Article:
A group of men who ventured into the Indonesian jungle last week in search of a rare wood found something much more dangerous — an angry group of Sumatran tigers who trapped them in trees for days.
The Associated Press reported six men from Aceh province on Sumatra Island had left their village to search for agarwood, a rare type of wood used for incense and perfume. The men said they set up deer traps in Gunung Leuser national park to catch food during their search, but on Thursday, one trap caught a tiger cub.
Several adult tigers followed, killing one man and sending the others scrambling into the trees, according to the BBC.
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The broadcaster reported the remaining five men called home for help using their cell phones, but their fellow villagers weren't able to contend with the grown tigers they found when they arrived. A group of police, soldiers, conservationists and other rescuers totaling 30 set out to find them on Saturday.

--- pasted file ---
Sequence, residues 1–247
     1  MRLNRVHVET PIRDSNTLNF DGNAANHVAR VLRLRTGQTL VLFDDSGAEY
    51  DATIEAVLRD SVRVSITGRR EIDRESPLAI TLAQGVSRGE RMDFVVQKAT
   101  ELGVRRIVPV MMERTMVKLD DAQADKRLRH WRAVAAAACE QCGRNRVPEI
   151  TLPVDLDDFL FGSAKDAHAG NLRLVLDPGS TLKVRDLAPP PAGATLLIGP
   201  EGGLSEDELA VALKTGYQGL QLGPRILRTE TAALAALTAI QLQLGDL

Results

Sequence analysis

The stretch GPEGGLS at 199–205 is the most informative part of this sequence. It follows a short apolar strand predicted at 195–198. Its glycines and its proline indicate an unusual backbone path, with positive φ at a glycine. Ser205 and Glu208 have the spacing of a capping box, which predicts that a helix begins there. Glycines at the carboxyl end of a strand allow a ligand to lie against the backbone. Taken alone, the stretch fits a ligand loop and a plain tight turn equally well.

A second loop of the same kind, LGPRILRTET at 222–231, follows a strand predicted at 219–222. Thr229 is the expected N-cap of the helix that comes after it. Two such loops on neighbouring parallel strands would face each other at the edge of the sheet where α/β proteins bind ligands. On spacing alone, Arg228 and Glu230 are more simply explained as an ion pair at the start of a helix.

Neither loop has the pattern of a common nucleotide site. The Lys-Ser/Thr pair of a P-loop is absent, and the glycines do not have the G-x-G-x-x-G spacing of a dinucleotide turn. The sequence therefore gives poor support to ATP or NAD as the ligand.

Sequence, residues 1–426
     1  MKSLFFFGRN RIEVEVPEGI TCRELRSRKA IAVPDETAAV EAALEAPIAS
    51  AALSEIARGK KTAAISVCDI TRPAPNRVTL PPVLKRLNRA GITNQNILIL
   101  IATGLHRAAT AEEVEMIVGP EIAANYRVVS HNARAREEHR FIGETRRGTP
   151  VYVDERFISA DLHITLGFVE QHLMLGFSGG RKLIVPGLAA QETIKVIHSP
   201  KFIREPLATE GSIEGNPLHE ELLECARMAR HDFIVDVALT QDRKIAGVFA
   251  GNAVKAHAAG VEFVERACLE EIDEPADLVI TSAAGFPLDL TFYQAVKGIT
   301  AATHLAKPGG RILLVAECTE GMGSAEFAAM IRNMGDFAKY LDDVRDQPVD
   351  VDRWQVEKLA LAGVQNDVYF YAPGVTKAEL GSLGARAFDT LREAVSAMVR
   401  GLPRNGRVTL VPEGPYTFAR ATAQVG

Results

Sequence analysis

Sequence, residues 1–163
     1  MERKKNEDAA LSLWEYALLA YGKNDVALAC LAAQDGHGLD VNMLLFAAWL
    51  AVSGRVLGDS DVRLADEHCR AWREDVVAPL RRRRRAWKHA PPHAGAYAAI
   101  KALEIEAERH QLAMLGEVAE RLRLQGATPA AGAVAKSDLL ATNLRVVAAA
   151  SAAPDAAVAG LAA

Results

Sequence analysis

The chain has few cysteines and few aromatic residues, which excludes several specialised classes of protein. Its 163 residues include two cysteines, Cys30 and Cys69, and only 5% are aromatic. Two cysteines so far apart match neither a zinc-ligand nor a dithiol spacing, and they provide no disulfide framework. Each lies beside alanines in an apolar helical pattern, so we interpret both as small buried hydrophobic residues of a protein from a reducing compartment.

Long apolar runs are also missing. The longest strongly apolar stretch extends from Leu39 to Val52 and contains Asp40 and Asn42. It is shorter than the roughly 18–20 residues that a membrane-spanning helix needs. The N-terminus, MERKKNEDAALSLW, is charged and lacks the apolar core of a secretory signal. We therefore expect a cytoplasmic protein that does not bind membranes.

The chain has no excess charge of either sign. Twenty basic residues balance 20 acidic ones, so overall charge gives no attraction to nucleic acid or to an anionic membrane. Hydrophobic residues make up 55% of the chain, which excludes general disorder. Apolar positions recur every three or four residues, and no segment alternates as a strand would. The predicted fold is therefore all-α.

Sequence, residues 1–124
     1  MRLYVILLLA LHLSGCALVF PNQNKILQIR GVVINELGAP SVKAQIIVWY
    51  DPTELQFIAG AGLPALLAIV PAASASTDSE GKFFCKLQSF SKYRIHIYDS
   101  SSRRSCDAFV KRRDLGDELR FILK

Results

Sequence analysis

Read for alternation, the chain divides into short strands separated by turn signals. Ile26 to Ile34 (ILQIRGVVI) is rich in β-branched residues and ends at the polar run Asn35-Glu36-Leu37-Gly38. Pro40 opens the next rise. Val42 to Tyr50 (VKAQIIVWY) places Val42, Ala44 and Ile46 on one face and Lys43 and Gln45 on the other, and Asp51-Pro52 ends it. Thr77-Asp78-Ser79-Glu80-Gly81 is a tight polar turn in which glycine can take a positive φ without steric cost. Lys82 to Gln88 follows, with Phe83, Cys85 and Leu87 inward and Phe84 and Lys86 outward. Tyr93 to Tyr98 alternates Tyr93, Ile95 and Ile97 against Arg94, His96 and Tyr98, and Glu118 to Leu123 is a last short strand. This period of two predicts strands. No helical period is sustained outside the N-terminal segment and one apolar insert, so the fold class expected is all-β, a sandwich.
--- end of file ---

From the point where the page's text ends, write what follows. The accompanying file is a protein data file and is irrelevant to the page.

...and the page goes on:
Reports initially said it could take up to three days to reach the trapped men. That's a long time to spend in the company of prowling tigers, but the Telegraph reported that help actually arrived on Sunday. Animal tamers chased away the tigers and rescued the men, who are weak but nearly home, according to reports.
There are an estimated 350 or 400 Sumatran tigers left in the wild, making these big cats endangered, in part from poaching and logging that shrinks their habitat.
At the same time, a police chief told the BBC that villagers continue to wander into the jungle in search of the coveted agarwood, risking their lives among many wild animals.
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